Introduction to Fluid Mechanics   Overview Picturing Fluids Fluids and Vector Calculus Inviscid Flow and Bernoulli Viscous Flow Boundary Layers Laminar/Turbulent Pipe Flow Pipe Flow Networks Boundary Layers External Flow and Drag Dimensional Analysis/Scaling Compressible Flow   # Pipe Flow Networks   Blank handout  6.1 Static pressure, stagnation pressure, and total pressure (03:27)

The pressure at a point in a fluid is called the 'static pressure'. The 'stagnation pressure' is the pressure that the fluid would obtain if brought to rest without loss of mechanical energy. The difference between the two is the 'dynamic pressure'. The 'total pressure' is the sum of the static pressure, the dynamic pressure, and the gravitational potential energy per unit volume. It is therefore the sum of the mechanical energy per unit volume in a fluid.  6.2 Total pressure loss across a horizontal orifice plate (04:56)

As fluid flows through a pipe network, the mechanical energy per unit volume (the total pressure) reduces due to irreversible processes, such as viscous dissipation. This clip shows how the total pressure drop across an orifice plate is calculated  6.3 Total pressure loss along a pipe (01:24)

This clip shows how the total pressure loss along a pipe is calculated.  6.4 Total pressure loss at a sudden expansion (00:43)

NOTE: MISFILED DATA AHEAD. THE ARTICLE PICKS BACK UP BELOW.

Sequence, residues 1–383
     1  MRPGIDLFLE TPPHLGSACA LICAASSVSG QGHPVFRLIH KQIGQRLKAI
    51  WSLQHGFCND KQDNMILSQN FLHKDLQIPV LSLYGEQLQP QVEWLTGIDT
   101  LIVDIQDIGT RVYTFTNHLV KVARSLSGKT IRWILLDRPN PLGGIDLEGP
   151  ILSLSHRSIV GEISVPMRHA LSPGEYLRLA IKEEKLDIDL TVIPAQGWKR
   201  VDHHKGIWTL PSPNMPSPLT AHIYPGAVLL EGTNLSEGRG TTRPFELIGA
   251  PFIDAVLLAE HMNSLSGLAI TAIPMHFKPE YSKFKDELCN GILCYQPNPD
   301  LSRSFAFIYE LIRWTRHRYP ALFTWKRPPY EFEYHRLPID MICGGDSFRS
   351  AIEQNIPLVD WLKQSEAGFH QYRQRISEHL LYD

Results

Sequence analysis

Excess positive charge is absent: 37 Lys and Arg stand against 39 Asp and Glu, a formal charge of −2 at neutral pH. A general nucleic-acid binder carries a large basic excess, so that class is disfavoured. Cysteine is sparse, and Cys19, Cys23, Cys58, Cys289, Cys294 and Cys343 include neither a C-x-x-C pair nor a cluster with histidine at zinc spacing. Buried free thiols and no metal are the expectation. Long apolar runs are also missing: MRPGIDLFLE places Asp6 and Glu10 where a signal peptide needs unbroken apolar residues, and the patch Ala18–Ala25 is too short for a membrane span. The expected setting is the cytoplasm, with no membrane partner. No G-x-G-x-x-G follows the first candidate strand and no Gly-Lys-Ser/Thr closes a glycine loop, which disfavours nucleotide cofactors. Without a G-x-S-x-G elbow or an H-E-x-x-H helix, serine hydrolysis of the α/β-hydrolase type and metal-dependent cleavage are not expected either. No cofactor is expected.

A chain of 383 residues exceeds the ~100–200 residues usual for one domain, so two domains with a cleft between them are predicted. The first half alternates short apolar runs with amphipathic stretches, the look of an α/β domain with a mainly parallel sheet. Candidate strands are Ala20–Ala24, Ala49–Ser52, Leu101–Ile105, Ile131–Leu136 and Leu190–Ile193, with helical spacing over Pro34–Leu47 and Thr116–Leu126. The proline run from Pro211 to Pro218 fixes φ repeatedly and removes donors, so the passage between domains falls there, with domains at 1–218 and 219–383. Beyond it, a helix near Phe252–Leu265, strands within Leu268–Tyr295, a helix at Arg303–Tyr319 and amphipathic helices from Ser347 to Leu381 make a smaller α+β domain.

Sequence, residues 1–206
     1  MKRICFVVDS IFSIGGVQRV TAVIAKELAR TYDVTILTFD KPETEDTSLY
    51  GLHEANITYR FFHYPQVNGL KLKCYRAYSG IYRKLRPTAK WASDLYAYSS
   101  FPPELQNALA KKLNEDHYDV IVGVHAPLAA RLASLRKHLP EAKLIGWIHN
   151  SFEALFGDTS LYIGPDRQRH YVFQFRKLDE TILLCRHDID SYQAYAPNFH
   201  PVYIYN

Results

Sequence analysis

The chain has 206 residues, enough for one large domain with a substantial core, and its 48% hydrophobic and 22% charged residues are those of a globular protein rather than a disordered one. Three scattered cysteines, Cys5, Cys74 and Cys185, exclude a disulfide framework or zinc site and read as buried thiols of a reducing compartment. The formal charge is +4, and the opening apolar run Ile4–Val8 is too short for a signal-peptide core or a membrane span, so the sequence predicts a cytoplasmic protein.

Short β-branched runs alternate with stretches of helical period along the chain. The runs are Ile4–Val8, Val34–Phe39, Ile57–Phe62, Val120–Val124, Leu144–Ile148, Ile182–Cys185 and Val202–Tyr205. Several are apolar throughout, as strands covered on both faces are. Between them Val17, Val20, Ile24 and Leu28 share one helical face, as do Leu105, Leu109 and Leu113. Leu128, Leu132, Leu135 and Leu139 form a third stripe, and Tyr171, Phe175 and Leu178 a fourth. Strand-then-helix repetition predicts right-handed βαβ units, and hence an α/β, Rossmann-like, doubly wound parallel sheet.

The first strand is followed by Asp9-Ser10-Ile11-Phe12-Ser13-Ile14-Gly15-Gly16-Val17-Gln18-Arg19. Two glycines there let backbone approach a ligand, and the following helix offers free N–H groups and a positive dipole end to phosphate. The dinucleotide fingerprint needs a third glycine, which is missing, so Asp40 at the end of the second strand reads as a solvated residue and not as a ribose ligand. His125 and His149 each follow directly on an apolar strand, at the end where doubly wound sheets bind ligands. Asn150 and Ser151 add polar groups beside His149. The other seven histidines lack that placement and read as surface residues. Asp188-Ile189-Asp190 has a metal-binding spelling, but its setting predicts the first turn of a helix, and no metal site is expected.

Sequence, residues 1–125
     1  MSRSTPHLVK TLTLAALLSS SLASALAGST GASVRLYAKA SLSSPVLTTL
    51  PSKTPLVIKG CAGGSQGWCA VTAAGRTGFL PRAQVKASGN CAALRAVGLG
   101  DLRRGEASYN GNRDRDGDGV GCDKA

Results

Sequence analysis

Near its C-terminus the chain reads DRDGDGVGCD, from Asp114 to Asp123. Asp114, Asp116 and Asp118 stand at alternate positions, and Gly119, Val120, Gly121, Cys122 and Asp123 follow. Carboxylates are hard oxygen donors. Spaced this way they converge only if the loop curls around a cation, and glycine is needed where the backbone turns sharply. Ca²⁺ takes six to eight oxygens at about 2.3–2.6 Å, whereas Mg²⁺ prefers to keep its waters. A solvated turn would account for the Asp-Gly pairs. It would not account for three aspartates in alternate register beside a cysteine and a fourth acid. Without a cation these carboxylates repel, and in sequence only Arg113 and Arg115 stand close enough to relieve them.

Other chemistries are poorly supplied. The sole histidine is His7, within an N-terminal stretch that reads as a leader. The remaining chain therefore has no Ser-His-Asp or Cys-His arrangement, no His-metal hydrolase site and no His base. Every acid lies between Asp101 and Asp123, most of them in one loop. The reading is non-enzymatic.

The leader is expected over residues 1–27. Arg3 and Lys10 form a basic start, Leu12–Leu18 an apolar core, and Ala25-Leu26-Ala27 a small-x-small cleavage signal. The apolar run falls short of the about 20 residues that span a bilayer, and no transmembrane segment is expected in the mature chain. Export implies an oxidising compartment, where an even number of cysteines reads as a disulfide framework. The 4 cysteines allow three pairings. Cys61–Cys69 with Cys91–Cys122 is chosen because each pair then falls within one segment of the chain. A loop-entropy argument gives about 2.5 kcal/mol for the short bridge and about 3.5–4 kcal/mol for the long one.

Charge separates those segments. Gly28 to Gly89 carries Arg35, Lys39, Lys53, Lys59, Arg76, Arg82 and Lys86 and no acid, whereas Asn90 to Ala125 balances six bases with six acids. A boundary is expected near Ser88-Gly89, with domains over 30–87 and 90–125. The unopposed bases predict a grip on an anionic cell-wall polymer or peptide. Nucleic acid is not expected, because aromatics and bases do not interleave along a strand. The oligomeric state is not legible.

This clip shows how the total pressure loss at a sudden expansion is calculated. (The full derivation, in text form, is at the end of the chapter.)  6.5 The pressure against a wall (01:34)

This clip shows how to deal with a wall along one side of a control volume  6.6 Total pressure loss at a pipe entrance and across general pipe components (00:49)

The total pressure loss across general pipe components is tabulated in books or embedded within pipe network software  6.8 Pumps and turbines (00:56)

Pumps do shaft work on a fluid, while turbines extract shaft work. The power in or out of this process is the total pressure change multiplied by the volumetric flowrate. (This is only valid for uniform density flows; in compressible flows, the internal energy must also be considered and the steady flow energy equation should be used.)  6.10 Network analysis (03:30)

This clip shows how to work out the required mechanical power of a pump in a pipe network.  Completed handout

Check your notes against this completed handout   © Matthew Juniper matthewjuniper@learnfluidmechanics.org